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When President Zimmer met with the Humanities Division Visiting Committee in October 2010, he reaffirmed our University’s commitment to investments in the humanities and arts. At a time when other institutions are cutting back, we are proud to say that we continue to hire faculty and to deepen and broaden our existing programs.

Yet the humanistic enterprise is not what it once was. The stereotypical image of the lone scholar toiling away in splendid isolation is more and more the exception. The humanities fields we study and teach demand ever more complex and sophisticated tools and resources. This change is well demonstrated by the groundbreaking projects in experimental linguistics led by faculty in our Department of Linguistics. In this issue, an in-depth feature shows how Chicago is devoting resources to remain at the vanguard in this discipline, even as we continue to invest in the more traditional and established fields within the humanities.


Tableau also explores the marriage of scholarly investigation and technological innovation in an article about Echoes of the Past, an exhibition that began at the Smart Museum of Art and is currently on tour across the country. This unique archaeological and art-historical research and reconstruction project combines cutting-edge 3-D imaging with old-fashioned scholarly detective work and involves faculty, staff, and alumni from across the Humanities Division. Echoes of the Past is a prime example of how the time-honored focus of the humanities has been expanded by the innovations of the twenty-first century and of how questions and problems long troubling to humanists can now be addressed and answered.


At every phase of their careers, our faculty members ask the defining questions in their fields. The interview with David Wellbery, the LeRoy T. and Margaret Deffenbaugh Carlson University Professor in Germanic studies, highlights the accomplishments of one of our established and most distinguished scholars. We are pleased to introduce another University Professor in the Division, the composer Augusta Read Thomas, who joins the Department of Music in July 2011. Our Young Faculty Focus features junior scholars in the Department of Near Eastern Languages and Civilizations—my home department—who are rejuvenating fields from Egyptian archaeology to modern Hebrew literature.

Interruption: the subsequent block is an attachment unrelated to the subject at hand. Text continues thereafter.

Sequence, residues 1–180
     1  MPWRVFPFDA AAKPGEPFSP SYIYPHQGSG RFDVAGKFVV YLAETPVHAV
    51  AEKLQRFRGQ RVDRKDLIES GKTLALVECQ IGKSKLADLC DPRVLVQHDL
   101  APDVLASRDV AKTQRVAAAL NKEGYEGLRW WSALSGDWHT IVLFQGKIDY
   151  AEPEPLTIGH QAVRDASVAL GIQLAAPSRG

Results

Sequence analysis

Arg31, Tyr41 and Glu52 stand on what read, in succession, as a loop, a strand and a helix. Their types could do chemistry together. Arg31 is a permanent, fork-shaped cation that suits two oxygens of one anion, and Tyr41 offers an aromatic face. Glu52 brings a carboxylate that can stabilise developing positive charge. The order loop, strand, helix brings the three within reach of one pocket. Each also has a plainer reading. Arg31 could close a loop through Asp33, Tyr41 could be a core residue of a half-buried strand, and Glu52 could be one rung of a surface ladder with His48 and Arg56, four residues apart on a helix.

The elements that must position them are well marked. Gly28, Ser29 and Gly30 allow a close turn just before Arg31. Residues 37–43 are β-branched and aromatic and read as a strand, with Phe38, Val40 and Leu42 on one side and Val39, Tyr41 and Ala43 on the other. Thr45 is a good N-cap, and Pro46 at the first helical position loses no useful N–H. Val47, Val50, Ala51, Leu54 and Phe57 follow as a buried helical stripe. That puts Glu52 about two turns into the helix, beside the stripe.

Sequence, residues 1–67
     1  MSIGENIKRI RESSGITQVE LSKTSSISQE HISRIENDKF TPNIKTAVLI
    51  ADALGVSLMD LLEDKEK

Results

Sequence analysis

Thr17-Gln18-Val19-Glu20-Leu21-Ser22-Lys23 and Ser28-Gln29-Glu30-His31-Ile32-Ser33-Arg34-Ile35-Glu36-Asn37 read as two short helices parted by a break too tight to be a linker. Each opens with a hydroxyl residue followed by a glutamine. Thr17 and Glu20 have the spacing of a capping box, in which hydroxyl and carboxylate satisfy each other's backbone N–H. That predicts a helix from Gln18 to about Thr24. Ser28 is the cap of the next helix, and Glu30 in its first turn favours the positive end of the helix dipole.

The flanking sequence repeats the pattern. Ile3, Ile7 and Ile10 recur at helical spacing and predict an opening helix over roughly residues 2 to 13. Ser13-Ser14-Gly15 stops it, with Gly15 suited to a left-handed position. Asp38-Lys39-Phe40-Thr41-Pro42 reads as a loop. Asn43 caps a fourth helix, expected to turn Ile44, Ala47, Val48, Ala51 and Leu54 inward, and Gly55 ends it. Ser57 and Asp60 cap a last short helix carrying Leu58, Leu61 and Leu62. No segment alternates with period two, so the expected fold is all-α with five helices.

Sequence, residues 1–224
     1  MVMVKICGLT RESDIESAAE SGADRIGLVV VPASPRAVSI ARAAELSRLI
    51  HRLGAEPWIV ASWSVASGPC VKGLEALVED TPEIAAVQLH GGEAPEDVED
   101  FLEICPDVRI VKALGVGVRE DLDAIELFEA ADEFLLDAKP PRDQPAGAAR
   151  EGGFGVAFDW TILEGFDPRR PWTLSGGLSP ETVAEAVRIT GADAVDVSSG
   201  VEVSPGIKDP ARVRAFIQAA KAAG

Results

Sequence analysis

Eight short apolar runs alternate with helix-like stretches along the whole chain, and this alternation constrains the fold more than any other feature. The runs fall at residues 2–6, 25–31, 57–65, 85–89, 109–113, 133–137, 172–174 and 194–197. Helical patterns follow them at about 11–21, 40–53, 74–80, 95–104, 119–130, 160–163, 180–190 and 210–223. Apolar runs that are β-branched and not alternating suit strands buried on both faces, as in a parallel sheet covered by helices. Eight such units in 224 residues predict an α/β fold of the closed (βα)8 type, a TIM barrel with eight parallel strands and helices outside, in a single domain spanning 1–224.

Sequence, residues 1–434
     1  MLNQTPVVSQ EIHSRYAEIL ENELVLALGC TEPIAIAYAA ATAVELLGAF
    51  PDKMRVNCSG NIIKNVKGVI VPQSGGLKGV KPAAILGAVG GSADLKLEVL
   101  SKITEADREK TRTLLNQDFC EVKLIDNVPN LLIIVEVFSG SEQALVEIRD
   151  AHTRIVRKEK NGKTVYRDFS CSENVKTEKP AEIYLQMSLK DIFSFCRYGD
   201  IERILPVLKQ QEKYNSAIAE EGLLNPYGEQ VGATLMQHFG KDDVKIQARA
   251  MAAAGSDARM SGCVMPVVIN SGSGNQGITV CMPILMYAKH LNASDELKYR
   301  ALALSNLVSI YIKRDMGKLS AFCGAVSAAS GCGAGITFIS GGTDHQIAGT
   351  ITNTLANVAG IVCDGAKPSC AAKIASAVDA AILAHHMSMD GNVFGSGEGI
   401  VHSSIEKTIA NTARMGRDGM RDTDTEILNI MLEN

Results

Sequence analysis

Our feature story on the team-taught graduate courses offered through the Center for Disciplinary Innovation at the Franke Institute highlights the importance of interdisciplinary collaboration and creativity—long a valued tradition here in the Division. And we look at what it takes to complete an MFA as we follow students in the Department of Visual Arts preparing their final projects for presentation.


While Tableau always seeks to highlight the dynamic and forward-moving in the humanities, we also take the time to reflect on the contributions of those distinguished faculty and staff whose dedication and scholarship have helped to define who we are today. And so we celebrate the career of Tom Thuerer, who has retired after 35 years with the University and two decades as dean of students in the Division. During Tom’s tenure, graduate education, aid, and admissions changed dramatically at Chicago and throughout the academy.


Finally, we gather tributes to three faculty members whose loss we experienced in the past year. Ian Mueller, a scholar of ancient Greek philosophy, and James E. Miller, a scholar of American literature, both emeritus professors, had long and valued careers at the University. Miriam Hansen, who founded the Department of Cinema and Media Studies, died just weeks after completing the manuscript of her latest book entitled Cinema and Experience: Siegfried Kracauer, Walter Benjamin, and Theodor W. Adorno. We will miss them all.


As always, I am grateful for the contributions of our faculty, students, alumni, and friends. It is with great pleasure that we present to you this issue of Tableau, and we welcome your support and feedback.


Sincerely yours,


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Martha T. Roth


Dean of the Division of the Humanities

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